|Telecom Economic Cost Model|
In preparing cost estimates for a set of wire centers, we typically use an entirely data-driven, largely computerized approach. We begin with telephone numbers and addresses from the white page listings, distinguishing residence and non-residence (business) listings. Since detailed white page listing data will be available for all wire centers studied, a high degree of consistency is ensured. To the extent feasible, we identify the exact geographic location (latitude and longitude) of each listing, supplemented with address matching using zip+4 and street segment data where possible. (The overall accuracy and completeness of this process is more than adequate for most purposes; however, for allocating universal service funds, further improvements could be achieved, particularly for remote customer locations in rural areas. Where a very high degree of accuracy is needed, the rural GIS data can be improved by digitizing satellite photos and/or gathering precise customer location data on site, using hand-held GPS equipment.)
Once the listing data are geo-coded, we match them to the approximate boundaries of the wire center serving areas (from ExchangeInfo) to define the geographic boundaries of each distribution area, to locate the latitude and longitude of each DA node, and to connect each DA node to its respective wire center through a series of feeder segments. This process, entirely data driven is accomplished using ArcInfo GIS software on a largely automated basis (ArcInfo software, developed by Environmental Systems Research Institute of Redlands, California is the industry-leading GIS software). The results can be shown on maps of the feeder segments and distribution areas, with end-user sites pin-pointed.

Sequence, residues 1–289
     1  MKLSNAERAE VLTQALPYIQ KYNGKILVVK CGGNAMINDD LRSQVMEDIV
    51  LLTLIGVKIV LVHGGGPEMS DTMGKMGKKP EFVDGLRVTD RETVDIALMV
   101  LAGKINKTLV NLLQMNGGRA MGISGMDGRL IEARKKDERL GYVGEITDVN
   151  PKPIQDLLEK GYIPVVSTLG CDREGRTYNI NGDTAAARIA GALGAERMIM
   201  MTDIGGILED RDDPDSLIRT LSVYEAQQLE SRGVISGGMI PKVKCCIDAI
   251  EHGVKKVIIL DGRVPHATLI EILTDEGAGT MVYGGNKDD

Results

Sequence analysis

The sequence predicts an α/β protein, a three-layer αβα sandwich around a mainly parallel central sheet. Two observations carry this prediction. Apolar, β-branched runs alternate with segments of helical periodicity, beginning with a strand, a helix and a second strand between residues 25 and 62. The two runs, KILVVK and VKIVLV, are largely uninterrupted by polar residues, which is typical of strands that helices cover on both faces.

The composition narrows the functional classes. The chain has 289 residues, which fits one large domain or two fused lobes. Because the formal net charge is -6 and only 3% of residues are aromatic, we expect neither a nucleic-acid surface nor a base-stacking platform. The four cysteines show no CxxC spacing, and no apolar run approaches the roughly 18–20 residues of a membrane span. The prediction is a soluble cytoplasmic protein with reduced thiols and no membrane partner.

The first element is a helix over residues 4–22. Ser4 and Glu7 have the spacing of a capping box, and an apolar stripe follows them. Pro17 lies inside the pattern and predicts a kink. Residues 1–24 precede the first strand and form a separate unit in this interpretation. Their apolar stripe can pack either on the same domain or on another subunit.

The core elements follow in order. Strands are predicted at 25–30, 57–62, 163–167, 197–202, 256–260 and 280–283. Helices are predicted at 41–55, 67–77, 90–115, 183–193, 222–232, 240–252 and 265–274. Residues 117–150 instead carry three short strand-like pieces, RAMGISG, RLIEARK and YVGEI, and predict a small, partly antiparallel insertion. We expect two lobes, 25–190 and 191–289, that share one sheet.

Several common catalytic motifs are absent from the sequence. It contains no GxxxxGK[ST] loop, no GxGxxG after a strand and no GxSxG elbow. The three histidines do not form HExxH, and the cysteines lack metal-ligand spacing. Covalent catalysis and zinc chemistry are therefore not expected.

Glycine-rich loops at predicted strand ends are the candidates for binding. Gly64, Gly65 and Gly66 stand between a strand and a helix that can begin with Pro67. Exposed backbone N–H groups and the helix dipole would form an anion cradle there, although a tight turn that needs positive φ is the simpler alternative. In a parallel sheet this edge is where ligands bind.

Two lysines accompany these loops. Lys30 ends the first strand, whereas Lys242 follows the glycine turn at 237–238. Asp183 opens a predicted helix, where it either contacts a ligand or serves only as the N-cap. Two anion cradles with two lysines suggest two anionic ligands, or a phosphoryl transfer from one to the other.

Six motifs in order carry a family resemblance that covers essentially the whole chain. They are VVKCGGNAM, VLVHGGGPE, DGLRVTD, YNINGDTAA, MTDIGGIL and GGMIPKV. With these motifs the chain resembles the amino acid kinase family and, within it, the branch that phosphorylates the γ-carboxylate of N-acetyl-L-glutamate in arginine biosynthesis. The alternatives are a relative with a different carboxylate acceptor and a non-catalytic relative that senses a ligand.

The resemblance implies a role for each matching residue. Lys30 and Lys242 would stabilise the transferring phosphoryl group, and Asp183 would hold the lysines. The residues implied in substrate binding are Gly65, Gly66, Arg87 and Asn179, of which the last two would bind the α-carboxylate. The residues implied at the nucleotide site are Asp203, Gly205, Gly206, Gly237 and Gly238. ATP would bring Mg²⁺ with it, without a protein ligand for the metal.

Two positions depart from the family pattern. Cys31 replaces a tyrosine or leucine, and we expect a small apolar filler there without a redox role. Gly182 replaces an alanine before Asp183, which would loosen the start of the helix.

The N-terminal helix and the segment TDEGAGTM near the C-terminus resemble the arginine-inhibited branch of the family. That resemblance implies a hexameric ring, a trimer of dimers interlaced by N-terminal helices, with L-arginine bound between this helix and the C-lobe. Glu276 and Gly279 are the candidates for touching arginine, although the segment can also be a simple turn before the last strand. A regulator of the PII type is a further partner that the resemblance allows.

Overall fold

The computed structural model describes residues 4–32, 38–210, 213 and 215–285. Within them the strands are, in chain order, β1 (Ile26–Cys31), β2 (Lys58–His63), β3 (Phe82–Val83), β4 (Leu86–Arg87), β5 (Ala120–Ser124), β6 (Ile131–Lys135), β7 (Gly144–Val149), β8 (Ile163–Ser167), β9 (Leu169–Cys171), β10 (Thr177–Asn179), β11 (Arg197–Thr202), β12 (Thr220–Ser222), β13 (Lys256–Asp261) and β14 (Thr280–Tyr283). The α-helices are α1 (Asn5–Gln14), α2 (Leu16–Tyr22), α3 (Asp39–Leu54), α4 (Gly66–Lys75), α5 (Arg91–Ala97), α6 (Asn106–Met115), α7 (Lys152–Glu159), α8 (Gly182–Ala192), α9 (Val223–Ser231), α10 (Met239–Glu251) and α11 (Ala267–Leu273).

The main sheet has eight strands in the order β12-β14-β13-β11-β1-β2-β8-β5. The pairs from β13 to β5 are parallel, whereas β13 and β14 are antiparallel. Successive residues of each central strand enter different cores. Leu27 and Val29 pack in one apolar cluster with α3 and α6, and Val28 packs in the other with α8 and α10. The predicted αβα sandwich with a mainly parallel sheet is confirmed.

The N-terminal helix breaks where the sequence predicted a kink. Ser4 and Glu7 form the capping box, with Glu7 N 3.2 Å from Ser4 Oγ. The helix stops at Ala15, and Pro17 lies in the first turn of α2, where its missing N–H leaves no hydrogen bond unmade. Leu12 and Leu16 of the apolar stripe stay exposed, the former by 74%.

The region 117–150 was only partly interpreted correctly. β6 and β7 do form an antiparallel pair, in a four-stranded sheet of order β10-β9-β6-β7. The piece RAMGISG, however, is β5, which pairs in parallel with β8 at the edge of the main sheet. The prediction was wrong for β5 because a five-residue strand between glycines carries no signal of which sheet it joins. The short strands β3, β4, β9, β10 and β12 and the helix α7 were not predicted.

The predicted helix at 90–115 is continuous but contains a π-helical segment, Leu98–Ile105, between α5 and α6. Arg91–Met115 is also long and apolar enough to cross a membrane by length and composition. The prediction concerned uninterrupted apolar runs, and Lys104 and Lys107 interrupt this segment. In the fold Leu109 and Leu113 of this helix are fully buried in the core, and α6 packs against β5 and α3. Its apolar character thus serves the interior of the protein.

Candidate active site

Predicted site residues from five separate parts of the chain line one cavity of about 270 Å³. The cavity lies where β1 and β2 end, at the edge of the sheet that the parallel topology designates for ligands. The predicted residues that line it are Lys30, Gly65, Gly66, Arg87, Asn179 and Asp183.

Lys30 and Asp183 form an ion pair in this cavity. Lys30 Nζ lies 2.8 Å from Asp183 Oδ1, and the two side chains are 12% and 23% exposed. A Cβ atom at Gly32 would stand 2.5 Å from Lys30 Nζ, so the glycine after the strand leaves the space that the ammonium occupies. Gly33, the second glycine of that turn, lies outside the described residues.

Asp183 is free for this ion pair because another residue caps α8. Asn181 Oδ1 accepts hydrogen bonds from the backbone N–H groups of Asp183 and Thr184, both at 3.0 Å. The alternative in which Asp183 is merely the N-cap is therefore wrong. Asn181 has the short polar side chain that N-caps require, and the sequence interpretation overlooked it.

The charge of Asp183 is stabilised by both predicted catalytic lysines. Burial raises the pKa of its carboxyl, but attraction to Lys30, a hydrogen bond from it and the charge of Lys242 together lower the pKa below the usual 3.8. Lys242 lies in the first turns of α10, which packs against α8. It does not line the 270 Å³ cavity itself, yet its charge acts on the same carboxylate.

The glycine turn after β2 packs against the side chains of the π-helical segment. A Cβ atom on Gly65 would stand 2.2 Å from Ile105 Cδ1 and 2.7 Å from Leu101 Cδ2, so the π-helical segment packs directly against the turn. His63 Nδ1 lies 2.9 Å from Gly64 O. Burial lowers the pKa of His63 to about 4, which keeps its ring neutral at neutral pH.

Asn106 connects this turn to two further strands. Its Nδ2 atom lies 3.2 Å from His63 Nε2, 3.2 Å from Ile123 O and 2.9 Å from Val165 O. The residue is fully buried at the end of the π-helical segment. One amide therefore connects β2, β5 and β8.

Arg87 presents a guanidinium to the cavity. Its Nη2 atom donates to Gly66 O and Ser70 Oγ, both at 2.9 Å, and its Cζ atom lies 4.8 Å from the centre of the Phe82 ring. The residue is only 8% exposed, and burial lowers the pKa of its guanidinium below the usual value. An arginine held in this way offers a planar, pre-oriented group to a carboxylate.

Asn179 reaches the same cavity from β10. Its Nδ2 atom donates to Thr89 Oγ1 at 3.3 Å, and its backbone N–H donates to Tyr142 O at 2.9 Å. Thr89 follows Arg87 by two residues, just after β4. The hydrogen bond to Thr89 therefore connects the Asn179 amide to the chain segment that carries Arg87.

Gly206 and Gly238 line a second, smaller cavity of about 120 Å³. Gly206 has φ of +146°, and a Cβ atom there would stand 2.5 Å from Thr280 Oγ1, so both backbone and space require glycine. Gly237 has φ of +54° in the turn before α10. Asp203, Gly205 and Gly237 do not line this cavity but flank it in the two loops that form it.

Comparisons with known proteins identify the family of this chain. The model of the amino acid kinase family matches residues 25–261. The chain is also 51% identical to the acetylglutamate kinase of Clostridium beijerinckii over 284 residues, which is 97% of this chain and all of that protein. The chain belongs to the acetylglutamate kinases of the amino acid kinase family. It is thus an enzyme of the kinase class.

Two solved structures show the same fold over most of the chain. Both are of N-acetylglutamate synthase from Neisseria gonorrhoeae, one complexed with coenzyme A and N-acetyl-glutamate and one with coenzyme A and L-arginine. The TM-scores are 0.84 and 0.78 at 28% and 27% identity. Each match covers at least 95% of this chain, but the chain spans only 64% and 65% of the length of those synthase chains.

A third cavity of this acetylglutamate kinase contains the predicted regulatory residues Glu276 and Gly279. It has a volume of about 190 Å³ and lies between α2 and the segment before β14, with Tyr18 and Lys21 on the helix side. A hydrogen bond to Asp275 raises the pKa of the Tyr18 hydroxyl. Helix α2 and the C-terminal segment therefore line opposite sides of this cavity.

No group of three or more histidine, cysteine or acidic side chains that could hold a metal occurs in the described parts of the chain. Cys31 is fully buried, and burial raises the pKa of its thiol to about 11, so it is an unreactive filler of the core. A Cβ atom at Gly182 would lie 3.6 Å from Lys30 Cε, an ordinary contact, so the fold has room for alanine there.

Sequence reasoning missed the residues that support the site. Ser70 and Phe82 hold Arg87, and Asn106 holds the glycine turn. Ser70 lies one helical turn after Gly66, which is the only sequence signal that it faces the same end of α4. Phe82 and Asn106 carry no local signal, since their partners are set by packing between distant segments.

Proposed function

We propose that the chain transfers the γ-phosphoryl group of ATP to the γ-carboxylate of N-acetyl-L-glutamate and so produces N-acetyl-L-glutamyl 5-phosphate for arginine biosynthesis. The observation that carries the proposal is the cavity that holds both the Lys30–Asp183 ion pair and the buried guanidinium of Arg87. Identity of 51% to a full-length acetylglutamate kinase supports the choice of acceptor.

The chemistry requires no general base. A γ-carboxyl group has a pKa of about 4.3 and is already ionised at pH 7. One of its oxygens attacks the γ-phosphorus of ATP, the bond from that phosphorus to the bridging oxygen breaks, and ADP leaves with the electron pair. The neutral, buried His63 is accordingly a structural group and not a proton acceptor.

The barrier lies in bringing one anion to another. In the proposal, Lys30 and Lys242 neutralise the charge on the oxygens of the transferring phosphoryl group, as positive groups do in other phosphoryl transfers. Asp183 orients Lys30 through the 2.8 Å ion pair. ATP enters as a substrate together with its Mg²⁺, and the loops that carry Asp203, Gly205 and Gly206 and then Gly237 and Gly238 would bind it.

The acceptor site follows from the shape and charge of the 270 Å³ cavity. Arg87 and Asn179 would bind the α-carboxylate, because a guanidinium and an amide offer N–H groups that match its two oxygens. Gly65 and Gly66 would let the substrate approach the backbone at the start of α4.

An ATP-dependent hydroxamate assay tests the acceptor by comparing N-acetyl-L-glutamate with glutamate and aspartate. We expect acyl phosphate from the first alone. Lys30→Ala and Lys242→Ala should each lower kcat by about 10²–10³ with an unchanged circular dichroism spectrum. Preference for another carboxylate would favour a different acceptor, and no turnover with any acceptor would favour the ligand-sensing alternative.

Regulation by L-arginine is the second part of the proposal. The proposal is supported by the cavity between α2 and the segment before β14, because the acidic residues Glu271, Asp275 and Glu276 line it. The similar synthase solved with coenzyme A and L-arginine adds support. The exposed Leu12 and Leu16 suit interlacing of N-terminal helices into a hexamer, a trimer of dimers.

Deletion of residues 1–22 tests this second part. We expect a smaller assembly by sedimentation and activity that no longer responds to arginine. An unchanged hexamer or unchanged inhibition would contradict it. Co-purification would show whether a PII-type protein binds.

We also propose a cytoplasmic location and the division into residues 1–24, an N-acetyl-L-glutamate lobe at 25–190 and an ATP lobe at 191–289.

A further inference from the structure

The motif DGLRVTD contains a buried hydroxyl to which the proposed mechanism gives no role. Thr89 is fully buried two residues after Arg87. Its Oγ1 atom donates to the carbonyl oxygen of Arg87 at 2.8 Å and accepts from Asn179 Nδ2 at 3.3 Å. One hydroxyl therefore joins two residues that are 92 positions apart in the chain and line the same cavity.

The schematic feeder network designs can be entirely derived from the listing data for each wire center, without any reference to the existing network configuration other than the wire center location. However, the Telecom Model is not limited to this pure "scorched node" approach but can also incorporate various aspects of the existing network, if desired. For example, the GIS data can reflect the locations of the serving area interfaces between the feeder and distribution cable within the existing network. In fact, the Telecom Model provides almost complete flexibility with regard to the geographic aspects of the network.
The GIS approach used in the Telecom Model provides additional benefits in developing accurate cost estimates which do not rely upon embedded cost data. For example, we can use the ArcInfo GIS software to organize and summarize relevant data concerning not only spatial characteristics of the network, such as feeder segment length and distribution area size (square miles), but also indicators of the soil texture, bedrock depth and hardness, groundwater depth, and road density along each feeder segment route, and within each distribution area. This information is used in the Telecom Model to more precisely estimate the cost and the type of structures (aerial/underground/buried) of the feeder and distribution cables within each portion of each wire center. As a result, the Telecom Model can develop cost estimates which are precisely matched to local conditions, without the need to rely upon historic cost data.
We must emphasize, in this regard, that the GIS data are inputs to the model, not outputs from the model. The Telecom Model can use virtually any geographic data source, provided it can be converted into a GIS compatible format. As better data sources are developed (e.g., exact geographic locations of customers in remote areas) the accuracy of the Telecom Model cost estimates can be readily improved without further changes to the model itself.